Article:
32. Member of a Western tribe : UTE
The Ute is a group of Native American tribes that now resides in Utah and Colorado. The Ute were not a unified people as such, but rather a loose association of nomadic groups.

40. Zadora of "Santa Claus Conquers the Martians" : PIA
Pia Zadora is an American actress and singer. Zadora's most famous role was in the 1982 film "Butterfly" in which she worked with Orson Welles and Stacey Keach. The film was based on the novel "The Butterfly" by James M. Cain and deals with the difficult subject of father-daughter incest.

"Santa Claus Conquers the Martians" is a science fiction film from 1964, starring JOhn Call as Santa Claus and 8-year-old Pia Zadora as a Martian child. This film has the distinction of consistently appearing on lists of the worst films ever made.

41. Like Joan of Arc : MARTYRED
Joan of Arc (also Jeanne d’Arc, her birth name) led the French Army successfully into battle a number of times during the Hundred Years War with England. When she was eventually captured, Joan was tried in Rouen, the seat of the occupying English government in France at that time. There she was burned at the stake having been found guilty of heresy. Joan of Arc was canonized some 600 years later, in 1920, and is now one of the patron saints of France.

44. Vail in the winter, e.g. : SKI AREA
The Vail Ski Resort in Colorado is the largest single-mountain ski resort in the whole country. The resort was opened in 1962, basically in the middle of nowhere. It was given the name Vail after Vail Pass which runs by the mountain (now also called Vail Mountain). The town of Vail, Colorado was established four years later in 1966, and now has a population of about 5,000.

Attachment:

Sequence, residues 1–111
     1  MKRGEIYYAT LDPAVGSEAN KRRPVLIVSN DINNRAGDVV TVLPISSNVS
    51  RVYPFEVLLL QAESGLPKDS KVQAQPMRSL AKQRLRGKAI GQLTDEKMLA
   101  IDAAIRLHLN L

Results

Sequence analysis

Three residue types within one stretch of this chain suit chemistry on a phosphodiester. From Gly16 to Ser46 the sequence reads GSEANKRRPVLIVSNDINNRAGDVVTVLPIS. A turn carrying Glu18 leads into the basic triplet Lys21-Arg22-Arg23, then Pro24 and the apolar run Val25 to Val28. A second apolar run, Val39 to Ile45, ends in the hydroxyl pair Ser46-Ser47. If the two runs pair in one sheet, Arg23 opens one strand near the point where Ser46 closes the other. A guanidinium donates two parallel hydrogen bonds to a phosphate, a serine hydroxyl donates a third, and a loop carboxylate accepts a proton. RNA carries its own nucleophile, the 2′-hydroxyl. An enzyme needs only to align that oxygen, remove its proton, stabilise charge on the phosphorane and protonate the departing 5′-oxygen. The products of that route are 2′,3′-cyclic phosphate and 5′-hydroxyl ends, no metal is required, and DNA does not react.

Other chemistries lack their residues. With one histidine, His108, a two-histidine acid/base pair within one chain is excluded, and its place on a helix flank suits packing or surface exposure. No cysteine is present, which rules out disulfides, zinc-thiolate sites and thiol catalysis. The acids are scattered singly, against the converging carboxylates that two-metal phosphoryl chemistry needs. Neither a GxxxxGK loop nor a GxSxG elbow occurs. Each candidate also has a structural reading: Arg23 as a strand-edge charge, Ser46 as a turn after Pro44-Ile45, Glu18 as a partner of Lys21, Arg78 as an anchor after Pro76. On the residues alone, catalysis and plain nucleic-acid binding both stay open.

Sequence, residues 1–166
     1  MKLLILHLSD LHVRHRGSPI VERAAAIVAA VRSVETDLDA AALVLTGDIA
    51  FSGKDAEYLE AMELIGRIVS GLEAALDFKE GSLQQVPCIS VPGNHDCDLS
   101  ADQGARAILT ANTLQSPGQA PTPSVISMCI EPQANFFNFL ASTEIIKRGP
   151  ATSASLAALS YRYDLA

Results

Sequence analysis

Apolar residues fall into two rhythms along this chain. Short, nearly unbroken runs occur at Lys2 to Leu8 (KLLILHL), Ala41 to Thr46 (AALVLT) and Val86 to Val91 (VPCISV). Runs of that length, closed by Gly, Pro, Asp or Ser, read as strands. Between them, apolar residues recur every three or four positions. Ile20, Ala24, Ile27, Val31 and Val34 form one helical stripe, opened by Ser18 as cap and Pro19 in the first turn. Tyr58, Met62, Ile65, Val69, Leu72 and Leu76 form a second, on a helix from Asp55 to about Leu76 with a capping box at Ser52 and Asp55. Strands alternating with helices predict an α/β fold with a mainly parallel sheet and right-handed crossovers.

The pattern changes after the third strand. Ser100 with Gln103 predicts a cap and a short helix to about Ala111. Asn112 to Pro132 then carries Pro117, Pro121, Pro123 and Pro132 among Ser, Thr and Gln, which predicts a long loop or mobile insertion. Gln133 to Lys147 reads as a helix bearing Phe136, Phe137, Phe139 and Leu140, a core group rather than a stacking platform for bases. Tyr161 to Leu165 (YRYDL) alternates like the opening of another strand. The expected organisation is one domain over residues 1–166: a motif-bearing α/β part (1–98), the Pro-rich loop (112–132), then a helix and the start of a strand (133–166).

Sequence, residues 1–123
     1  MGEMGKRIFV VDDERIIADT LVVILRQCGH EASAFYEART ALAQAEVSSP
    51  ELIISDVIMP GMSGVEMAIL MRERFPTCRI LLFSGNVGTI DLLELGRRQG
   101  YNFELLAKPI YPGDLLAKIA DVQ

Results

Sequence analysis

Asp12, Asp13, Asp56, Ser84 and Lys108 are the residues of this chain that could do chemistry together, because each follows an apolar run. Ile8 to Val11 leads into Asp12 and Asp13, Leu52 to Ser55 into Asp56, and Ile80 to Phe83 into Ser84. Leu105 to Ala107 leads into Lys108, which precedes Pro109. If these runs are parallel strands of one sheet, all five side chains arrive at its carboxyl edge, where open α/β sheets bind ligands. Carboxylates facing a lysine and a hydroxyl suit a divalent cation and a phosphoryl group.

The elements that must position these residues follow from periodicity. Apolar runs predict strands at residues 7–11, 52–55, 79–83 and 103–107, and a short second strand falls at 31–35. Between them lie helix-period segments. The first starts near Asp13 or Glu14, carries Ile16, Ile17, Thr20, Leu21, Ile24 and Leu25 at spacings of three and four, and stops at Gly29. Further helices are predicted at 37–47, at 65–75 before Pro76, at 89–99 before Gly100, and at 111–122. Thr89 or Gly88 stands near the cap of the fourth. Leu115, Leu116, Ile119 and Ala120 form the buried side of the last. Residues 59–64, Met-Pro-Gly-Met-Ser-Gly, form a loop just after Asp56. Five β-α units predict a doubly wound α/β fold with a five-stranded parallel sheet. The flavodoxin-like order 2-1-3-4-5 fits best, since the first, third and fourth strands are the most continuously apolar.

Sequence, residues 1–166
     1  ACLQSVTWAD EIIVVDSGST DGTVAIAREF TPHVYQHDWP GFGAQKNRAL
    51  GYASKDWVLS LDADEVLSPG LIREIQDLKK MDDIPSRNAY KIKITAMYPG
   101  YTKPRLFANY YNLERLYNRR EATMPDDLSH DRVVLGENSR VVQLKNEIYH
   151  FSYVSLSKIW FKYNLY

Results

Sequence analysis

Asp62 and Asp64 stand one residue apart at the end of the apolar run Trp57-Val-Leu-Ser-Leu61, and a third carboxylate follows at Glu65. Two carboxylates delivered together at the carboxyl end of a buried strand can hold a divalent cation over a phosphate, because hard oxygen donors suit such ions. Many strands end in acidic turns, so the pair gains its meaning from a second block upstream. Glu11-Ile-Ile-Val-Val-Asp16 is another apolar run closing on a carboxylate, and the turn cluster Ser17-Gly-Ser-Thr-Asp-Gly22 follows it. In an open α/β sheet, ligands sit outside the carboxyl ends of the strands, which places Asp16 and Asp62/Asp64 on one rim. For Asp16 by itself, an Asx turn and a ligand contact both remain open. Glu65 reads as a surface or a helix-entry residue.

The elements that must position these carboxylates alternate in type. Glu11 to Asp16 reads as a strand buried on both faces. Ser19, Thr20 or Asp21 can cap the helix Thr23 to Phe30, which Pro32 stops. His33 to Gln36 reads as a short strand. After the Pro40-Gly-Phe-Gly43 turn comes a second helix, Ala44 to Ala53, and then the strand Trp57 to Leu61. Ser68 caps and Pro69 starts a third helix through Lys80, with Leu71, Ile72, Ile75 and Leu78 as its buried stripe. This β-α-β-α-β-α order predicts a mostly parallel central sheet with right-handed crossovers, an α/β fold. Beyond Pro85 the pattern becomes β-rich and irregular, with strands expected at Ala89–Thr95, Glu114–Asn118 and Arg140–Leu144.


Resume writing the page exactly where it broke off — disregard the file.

46. Goods: Abbr. : MDSE
Merchandise (mdse.)

54. Philosopher who said "Writing is the geometry of the soul" : PLATO
Plato was a Greek philosopher and mathematician. He was a student of the equally famous and respected Socrates, and Plato in turn was the teacher and mentor of the celebrated Aristotle.

56. Corner piece in chess : ROOK
The corner piece in the game of chess is a called a rook, a word coming from the Persian word "rokh" meaning a "chariot". The rook has also been called, perhaps incorrectly, the castle, tower, marquess and rector.

58. Shakespearean king : LEAR
Shakespeare was inspired to write his famous drama “King Lear” by the legend of "Leir of Britain", the story of a mythological Celtic king.

59. Killer whale : ORCA
The taxonomic name for the killer whale is Orcinus orca. The use of the name "orca", rather than "killer whale", is becoming more and more common. The Latin word "Orcinus" means "belonging to Orcus", with Orcus being the name for the Kingdom of the Dead.

61. Republicans, for short : GOP
The Republican Party has had the nickname “Grand Old Party” since 1875. That said, the phrase was coined in the “Congressional Record” as “this gallant old party”. It was changed to “grand old party” in 1876 in an article in the “Cincinnati Commercial”.

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For the sake of completion, here is a full listing of all the answers:
Across
1. ___ of the Apostles : ACTS
5. Gentleman's partner : LADY
9. Veranda : PORCH
14. Circle : LOOP
15. "Essays of ___" (1823 volume) : ELIA
16. French farewell : ADIEU
17. Leader of Qatar : EMIR
18. Run ___ (go wild) : AMOK
19. Mechanical man : ROBOT
20. January 1 to December 31 : CALENDAR YEAR
23. Chicago trains : ELS
24. Tack on : ADD
25. Little devil : IMP
28. Texter's "If you ask me ..." : IMO
31. First pilot to travel faster than the speed of sound : CHUCK YEAGER
35. Florida city between Tampa and Fort Myers : SARASOTA
37. Egyptian peninsula : SINAI